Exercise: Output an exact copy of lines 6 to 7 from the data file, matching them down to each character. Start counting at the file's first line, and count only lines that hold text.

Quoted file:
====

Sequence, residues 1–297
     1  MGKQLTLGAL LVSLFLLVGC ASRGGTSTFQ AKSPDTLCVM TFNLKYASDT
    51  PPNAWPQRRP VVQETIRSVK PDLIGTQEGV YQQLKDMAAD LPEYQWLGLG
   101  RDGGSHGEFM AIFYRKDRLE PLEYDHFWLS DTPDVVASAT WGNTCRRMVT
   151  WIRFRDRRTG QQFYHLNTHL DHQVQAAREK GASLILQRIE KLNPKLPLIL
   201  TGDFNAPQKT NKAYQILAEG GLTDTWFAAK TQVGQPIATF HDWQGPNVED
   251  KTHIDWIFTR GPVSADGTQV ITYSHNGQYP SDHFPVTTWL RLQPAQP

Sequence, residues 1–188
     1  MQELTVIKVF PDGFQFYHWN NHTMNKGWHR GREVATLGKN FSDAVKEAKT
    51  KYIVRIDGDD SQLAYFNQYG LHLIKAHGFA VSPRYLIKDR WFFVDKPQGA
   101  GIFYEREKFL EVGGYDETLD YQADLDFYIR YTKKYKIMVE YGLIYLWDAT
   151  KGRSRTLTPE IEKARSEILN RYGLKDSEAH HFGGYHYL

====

   201  TGDFNAPQKT NKAYQILAEG GLTDTWFAAK TQVGQPIATF HDWQGPNVED
   251  KTHIDWIFTR GPVSADGTQV ITYSHNGQYP SDHFPVTTWL RLQPAQP